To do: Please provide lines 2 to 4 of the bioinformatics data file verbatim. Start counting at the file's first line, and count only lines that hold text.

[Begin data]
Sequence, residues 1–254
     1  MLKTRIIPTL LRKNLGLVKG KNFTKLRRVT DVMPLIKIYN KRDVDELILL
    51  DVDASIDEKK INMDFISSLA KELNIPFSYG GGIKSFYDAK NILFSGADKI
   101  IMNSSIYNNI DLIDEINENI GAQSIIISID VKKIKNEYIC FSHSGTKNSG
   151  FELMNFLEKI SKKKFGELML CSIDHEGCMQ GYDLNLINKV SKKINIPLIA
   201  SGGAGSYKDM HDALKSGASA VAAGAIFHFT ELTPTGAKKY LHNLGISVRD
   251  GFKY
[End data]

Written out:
     1  MLKTRIIPTL LRKNLGLVKG KNFTKLRRVT DVMPLIKIYN KRDVDELILL
    51  DVDASIDEKK INMDFISSLA KELNIPFSYG GGIKSFYDAK NILFSGADKI
   101  IMNSSIYNNI DLIDEINENI GAQSIIISID VKKIKNEYIC FSHSGTKNSG